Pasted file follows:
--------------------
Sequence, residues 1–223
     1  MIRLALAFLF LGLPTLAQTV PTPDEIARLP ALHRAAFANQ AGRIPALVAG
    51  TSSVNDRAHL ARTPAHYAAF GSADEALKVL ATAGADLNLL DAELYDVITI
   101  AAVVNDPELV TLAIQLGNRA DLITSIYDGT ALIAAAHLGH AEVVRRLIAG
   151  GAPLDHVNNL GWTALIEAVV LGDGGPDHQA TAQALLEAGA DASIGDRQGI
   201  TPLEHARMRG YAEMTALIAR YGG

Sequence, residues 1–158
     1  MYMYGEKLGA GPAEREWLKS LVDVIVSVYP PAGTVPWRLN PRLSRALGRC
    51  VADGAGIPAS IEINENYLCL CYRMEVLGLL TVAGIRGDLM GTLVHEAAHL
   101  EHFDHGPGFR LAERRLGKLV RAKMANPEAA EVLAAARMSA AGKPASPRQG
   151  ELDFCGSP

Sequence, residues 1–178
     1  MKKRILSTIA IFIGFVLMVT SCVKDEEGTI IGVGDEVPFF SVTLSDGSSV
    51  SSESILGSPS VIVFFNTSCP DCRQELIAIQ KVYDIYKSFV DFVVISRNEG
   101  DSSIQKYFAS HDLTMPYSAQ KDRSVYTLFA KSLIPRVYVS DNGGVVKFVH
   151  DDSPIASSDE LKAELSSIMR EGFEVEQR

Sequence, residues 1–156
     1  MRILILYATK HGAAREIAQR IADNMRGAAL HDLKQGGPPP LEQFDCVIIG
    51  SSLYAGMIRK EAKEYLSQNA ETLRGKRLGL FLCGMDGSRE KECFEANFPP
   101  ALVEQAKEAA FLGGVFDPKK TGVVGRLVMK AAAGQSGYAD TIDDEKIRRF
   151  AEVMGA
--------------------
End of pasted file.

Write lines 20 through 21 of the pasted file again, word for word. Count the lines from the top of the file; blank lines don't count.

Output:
   101  ALVEQAKEAA FLGGVFDPKK TGVVGRLVMK AAAGQSGYAD TIDDEKIRRF
   151  AEVMGA